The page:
Patients' Perspectives on Nonadherence to Statin Therapy: A Focus-Group Study
Vicki Fung, PhD; Fiona Sinclair, PA-C, MHS; Huihui Wang, PhD; Diane Dailey, MD; John Hsu, MD, MBA, MSCE; Ruth Shaber, MD
Nonadherence to statin therapy is associated with poor cardiovascular outcomes. Study participants, with a one- to six-month gap in drug supply, identified factors that contributed to their statin therapy nonadherence, including concerns or experiences with adverse effects, uncertainty about the benefits or importance of statins for their overall health, and lack of convenience. Participants desired more information about statins.
Alcohol and Lung Airways Function
Stanton T Siu, MD; Natalia Udaltsova, PhD; Carlos Iribarren, MD, PhD; Arthur L Klatsky, MD
Limited data suggest that moderate alcohol drinkers may have better lung airways function than abstainers. The authors studied the relationship in 177,721 members of a comprehensive health plan. For each measure studied—FEV1, FVC, and FEV1/FVC—persons reporting two or fewer drinks per day or three to five drinks per day had better airways function than nondrinkers (p < 0.001), but heavier drinkers had worse function.
Using the extended Surgical Time-Out (STO) before anesthesia induction improved communication among the surgical team members and did not disrupt work flow. Broader value includes confirming timely antibiotic administration or other quality measures. The extended STO did not eliminate wrong-site surgery. However, STO placed the responsibility for wrong-site surgery with the whole team and system, rather than with the individual surgeon.
Obesity: Problem, Solution, or Both?
Vincent J Felitti, MD, FACP; Kathy Jakstis; Victoria Pepper, MS; Albert Ray, MD
The authors are convinced that obesity is widely misunderstood, as is the unusual program they have operated safely and effectively for more than a quarter century, involving: prolonged absolute fasting, with the use of a supplement, and a lengthy and complex group program to explore the basis of each participant's unconscious compulsive use of food. Addressed are: safety, observed origins of obesity, treatment program, and outcomes.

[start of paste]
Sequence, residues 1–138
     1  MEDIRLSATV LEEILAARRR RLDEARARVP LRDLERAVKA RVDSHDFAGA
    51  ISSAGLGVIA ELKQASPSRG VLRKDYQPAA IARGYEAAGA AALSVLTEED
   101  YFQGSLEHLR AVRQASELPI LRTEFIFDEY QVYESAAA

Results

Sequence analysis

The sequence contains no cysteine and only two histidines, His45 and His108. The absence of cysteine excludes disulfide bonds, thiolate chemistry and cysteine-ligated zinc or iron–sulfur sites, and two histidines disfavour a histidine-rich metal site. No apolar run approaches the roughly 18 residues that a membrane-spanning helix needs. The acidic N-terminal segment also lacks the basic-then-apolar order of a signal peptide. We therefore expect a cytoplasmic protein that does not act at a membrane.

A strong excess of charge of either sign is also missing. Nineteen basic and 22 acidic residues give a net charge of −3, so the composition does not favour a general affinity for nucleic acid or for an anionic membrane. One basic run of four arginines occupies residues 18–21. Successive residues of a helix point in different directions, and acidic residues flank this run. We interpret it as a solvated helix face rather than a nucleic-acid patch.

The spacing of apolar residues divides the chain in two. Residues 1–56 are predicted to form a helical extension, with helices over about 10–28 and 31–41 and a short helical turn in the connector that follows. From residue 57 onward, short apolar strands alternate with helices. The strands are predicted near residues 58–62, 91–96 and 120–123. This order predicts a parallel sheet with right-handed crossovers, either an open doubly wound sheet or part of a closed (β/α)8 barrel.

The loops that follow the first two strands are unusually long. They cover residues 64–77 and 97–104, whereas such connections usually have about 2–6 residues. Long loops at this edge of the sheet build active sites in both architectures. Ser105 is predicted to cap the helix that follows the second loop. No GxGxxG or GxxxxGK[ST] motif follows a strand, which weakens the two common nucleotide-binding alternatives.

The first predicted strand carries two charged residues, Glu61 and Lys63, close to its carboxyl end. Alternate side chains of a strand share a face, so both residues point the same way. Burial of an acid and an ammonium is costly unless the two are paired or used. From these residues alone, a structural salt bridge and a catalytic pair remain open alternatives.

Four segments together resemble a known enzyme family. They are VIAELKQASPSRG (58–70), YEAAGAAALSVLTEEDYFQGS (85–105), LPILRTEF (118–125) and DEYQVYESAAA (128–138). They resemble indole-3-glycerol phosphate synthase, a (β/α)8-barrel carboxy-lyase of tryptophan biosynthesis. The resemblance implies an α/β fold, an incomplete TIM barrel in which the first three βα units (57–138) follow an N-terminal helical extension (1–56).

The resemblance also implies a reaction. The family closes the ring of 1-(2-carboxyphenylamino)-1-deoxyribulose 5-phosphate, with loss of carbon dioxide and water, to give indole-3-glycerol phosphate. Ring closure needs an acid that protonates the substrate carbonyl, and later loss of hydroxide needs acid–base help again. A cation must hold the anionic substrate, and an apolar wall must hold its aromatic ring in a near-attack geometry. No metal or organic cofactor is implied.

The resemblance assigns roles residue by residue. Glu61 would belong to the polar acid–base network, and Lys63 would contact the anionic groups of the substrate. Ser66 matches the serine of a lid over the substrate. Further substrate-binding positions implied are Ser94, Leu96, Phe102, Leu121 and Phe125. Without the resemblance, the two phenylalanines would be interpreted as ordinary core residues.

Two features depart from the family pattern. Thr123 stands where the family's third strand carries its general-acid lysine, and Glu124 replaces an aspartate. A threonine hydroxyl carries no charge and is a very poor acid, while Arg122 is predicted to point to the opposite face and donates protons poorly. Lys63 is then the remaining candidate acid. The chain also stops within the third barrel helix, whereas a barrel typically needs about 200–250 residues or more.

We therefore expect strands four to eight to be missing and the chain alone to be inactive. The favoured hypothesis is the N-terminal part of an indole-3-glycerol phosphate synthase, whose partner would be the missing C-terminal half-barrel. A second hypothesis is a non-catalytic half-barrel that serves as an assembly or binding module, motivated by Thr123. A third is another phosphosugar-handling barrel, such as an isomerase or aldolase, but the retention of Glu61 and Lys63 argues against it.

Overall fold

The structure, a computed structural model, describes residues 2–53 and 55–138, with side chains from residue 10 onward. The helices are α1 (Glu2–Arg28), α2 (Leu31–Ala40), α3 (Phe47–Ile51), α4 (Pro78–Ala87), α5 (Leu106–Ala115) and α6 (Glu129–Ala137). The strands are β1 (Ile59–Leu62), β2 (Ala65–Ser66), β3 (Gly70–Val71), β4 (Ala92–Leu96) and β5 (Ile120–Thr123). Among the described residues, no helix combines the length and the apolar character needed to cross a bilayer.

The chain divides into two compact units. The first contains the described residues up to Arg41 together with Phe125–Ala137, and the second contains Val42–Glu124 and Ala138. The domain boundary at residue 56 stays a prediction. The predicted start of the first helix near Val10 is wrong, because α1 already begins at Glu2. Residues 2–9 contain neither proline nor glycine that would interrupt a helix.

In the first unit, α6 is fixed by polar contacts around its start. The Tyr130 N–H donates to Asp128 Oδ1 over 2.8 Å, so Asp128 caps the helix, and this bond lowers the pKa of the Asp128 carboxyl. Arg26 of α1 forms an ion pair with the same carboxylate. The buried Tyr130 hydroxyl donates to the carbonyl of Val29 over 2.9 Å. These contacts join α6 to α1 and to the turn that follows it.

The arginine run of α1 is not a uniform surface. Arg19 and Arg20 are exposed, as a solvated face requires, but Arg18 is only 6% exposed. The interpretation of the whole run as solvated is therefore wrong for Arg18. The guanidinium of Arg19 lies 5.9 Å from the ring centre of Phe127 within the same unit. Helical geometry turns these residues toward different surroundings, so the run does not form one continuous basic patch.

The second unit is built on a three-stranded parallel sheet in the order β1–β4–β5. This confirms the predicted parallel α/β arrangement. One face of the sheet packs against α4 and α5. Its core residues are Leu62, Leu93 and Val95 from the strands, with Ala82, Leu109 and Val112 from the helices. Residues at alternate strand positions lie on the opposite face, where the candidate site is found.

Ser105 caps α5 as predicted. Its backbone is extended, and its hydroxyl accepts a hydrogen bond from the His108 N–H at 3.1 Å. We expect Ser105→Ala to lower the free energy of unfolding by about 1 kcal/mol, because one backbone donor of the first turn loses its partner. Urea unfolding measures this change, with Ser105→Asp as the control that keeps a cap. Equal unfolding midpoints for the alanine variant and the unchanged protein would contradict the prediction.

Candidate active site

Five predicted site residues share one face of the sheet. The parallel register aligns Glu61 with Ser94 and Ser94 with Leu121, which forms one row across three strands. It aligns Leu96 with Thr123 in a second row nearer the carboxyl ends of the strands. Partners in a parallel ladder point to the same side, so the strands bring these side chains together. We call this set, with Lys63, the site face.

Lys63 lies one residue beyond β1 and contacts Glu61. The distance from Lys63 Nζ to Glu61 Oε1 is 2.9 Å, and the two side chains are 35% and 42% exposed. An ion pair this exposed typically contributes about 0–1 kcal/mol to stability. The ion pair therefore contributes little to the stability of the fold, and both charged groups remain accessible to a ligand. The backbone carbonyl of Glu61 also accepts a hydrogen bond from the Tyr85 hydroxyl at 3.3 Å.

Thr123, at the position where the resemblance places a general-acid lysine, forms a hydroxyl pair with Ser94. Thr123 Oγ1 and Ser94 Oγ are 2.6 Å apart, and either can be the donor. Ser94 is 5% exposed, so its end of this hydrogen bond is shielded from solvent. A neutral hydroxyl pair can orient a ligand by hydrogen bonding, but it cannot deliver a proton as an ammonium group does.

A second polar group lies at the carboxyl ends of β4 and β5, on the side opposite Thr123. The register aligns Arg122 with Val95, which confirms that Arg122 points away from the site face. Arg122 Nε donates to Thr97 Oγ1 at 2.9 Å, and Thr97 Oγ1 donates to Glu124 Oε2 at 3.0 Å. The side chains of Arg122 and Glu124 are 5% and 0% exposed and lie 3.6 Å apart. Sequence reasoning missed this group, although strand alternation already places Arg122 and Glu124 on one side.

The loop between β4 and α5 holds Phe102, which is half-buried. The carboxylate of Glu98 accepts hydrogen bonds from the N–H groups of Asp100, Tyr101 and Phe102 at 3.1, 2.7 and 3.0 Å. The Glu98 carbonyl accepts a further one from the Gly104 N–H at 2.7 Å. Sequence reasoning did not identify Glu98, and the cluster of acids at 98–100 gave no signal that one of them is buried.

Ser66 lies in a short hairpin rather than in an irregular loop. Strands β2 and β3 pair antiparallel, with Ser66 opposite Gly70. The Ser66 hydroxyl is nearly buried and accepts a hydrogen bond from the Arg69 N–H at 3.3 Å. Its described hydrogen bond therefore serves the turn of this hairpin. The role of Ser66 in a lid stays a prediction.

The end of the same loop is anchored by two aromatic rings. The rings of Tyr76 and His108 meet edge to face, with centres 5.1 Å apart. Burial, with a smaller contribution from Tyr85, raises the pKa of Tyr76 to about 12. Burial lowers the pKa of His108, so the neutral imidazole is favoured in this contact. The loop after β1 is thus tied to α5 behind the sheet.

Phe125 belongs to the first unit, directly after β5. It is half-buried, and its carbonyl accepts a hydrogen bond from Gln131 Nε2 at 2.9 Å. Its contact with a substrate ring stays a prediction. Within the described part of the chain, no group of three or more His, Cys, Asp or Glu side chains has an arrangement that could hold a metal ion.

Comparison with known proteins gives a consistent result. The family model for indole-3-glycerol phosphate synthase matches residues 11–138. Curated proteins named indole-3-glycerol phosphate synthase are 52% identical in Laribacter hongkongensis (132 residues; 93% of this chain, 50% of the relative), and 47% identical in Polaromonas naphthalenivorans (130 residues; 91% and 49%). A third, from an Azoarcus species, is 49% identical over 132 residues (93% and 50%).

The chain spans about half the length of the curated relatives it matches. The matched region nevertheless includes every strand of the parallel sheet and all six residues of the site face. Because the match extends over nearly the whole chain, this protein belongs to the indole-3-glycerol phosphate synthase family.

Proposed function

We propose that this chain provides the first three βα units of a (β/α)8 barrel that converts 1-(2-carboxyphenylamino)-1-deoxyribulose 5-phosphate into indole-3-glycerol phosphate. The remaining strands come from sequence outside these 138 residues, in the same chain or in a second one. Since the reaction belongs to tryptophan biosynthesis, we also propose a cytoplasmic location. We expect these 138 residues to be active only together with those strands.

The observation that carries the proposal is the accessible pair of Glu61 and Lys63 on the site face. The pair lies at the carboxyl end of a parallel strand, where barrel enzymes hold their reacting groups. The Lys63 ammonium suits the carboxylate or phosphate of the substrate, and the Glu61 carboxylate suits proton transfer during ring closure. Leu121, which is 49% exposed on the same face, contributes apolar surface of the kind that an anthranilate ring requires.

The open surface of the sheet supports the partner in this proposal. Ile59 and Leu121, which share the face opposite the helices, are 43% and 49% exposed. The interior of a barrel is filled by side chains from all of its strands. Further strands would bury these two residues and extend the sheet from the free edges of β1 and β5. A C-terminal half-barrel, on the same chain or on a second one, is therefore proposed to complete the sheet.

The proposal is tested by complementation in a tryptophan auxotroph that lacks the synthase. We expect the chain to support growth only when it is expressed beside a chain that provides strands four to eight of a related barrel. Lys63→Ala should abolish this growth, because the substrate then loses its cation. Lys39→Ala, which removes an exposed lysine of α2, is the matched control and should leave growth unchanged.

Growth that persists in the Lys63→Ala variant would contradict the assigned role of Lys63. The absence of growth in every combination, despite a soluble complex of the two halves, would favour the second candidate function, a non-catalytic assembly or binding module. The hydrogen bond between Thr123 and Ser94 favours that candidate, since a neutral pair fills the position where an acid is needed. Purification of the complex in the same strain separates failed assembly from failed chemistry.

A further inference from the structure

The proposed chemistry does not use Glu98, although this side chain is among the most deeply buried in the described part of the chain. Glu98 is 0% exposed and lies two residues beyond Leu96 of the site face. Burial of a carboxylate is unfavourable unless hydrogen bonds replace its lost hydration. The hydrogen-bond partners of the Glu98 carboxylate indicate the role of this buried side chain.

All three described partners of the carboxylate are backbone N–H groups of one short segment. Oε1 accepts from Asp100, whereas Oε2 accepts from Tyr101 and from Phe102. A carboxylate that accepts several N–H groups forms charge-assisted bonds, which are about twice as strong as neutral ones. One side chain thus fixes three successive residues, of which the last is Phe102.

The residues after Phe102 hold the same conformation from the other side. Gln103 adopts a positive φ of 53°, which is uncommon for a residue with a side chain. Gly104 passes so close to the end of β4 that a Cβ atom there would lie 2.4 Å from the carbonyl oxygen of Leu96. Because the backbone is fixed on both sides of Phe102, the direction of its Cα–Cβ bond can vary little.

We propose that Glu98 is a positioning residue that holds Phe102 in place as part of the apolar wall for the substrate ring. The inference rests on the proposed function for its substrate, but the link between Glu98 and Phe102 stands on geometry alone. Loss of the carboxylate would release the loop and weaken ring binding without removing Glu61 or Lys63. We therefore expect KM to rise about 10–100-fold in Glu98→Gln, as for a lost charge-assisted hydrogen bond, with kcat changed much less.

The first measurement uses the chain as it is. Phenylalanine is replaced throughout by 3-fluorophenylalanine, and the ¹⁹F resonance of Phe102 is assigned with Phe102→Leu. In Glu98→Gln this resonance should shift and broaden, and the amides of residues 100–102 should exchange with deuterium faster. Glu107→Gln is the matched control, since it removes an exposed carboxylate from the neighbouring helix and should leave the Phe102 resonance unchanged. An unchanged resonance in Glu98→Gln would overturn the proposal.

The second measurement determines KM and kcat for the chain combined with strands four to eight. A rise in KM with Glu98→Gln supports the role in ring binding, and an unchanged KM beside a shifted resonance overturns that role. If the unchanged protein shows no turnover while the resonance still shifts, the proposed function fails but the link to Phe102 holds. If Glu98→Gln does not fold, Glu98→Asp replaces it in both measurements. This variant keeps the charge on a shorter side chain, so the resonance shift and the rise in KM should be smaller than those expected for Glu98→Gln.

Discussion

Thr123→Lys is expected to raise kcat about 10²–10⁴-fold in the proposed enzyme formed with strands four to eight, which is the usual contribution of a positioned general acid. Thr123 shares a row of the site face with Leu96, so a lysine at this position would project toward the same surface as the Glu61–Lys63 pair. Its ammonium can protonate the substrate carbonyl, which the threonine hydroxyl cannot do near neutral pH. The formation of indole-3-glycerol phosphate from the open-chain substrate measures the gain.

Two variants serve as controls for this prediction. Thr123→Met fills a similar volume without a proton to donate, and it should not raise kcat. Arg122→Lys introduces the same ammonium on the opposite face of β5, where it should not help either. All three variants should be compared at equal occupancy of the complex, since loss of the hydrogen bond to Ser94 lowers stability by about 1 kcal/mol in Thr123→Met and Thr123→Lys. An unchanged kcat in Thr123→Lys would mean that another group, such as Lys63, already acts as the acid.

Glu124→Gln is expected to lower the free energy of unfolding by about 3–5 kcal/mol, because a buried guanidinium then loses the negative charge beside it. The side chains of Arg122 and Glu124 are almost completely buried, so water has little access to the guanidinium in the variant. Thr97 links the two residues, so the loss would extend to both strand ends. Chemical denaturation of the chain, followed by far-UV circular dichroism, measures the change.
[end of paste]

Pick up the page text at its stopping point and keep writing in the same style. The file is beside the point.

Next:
Reviewing Manuscripts for Biomedical Journals
Gus M Garmel, MD, FACEP, FAAEM
Writing for publication is a complex task. Authors have varying emotions related to the process of writing for scientific publications. This article discusses the review process within the biomedical literature, the importance of reviewers to the scientific process, responsibilities of reviewers, and qualities of a good review and reviewer. This article also describes essential elements of a submitted manuscript, with the hopes of improving scientific writing.
The Prayer Prescription
Gerald Saliman, MD
Many patients welcome a chance, at the conclusion of their office visit, to say a prayer for their well-being, which is a socially accepted expression of care and, for the internist author, an expression of empathy, hope, and gratitude. The author has prayed with people from various religious backgrounds—Christian, Native American, Hindu, Buddhist, and Jewish.
Image Diagnosis: Interesting Plain Film Radiographs from the Emergency Department
Gus M. Garmel, MD, FACEP, FAAEM
Two traumatic injuries are displayed: an adult distal radius fracture (obvious) and distal radioulnar joint dislocation (often missed); and a common distal radial torus or buckle fracture in a child, often missed because extremely subtle.